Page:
I think Quark is one of the best written characters in the show hands down. Usually when we examine humanity through the alien lens, we find out how awesome humanity is. Quark embodies what we view as our own worst features and excels at it. He's also there to remind us when we don't exactly live up to our own ideals.

In the balance, I have to go with Kira. I enjoyed watching her grow as a person, and I empathized with her reactions more often than anyone else's. There's something I find appealing about someone who grows into being part of the Star Trek world, rather than being born into it. It's easy for humanity to eschew violence. Like Sisko said, they live in paradise. Kira doesn't, so turning away from violence as a solution really means something.


My other issues (numerous though they be) aside, I agree with Kelly that Voyager actually makes the biggest strides in portraying three-dimensional female characters. My problem with Captain Janeway were never about her command style or femininity, it was more I found her a little too perfect. Her solution was always to do things the Federation way, and she was always proven right. I would have appreciated a few more chinks in the armor, like sleeping with Chakotay for the love of God. But her empathy and compassion definitely shine through in a way even Picard's doesn't and that rates her pretty highly in my book.

B'Elanna has a lot in common with Kira, and I like her for the same reasons. It was really fun, especially on rewatching Voyager, to watch her grow and change, but still maintain a credible through line for the character. She wasn't more mature merely because the episode called for it; it actually worked for the character. One of my favorite moments with her is the first time she talks to her father over the comm line. You can really see the prior seven seasons of angst in her body language and the halting, B'Elanna like step of bluring out "I'll write you." Scenes like those, and episodes like Barge of the Dead really connected me to the character.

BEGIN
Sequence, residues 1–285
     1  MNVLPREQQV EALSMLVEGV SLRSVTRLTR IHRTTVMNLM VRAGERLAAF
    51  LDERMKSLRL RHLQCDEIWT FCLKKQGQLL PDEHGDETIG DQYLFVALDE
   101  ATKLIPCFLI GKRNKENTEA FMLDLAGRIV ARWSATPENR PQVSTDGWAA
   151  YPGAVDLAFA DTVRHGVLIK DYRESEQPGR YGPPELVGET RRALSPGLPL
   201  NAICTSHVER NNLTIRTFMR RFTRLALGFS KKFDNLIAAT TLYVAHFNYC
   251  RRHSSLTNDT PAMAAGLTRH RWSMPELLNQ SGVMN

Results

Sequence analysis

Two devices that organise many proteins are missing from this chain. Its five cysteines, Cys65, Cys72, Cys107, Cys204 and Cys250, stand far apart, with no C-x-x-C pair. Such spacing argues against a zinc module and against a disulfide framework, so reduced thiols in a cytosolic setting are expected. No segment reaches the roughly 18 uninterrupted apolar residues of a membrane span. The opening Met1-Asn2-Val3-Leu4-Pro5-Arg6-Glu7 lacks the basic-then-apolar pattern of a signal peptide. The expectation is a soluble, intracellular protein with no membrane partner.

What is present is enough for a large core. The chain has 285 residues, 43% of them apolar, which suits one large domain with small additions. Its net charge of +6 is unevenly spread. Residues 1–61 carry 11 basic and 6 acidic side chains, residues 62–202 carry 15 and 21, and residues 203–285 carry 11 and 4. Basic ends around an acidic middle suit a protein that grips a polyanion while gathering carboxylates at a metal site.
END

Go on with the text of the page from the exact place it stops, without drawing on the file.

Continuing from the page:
I hate to admit that I was not...optimistic...about Seven of Nine joining. I was not overly enammored of Kes, but in the end, I was happily proven wrong, and have to admit I engaged in the very stereotyping that I thought the producers were: that she was cast just for her looks. Jeri Ryan is a really good actress and aside from the fact the later seasons became the "Doctor and Seven Show," I was always compelled by her performance. Sure, she could have had "Captain, when you freed me from the Collective, you told me humanity was [X]. This current decision is in opposition to [X]," writeen on a t-shirt to save time on dialogue, but still, her humanity shines through. Particularly when it came to her family, it was hard not to like the character.

The Doctor is gonna be a close second for me. He also gets a great development arc, and Robert Picardo is always a sarcastic joy. I think they could have gone further and given him quarters once he had his emitter or something similar. It felt he plateaued about season 4, and became a sentient hologram, but they didn't explore it beyond a few polemics on hologram rights.

I'm gonna go with B'Elanna on this one. What can I say? I'm a gay. We like assertive women...socially


Tripp is my favorite Enterprise character and not just for his pecs. He by far gets the most development, and I'm a sucker for an "awww shucks, ma'am" disposition. I think moreso than any other character in the series, he really embodied the joy of exploration. He was just excited to be there, and that was infectious.


So, we have Spock, Picard, Kirk, Kira, B'Elanna, and Tripp. Wow. It's like the answer to the question, who would you invite to a dream dinner party. Two handsome , sophisticated nerds; two fabulous sharp-tongued women, and some man candy. This project has became a sharper picture into my soul than I am comfortable with.

I don't think it's a shock to say that overall, my pick is Picard. Maybe because he was the first character on the list I watched. He kind of embodies everything I like about Star Trek at once. Passionate, curious, compassionate. I like him and would most like to be like him.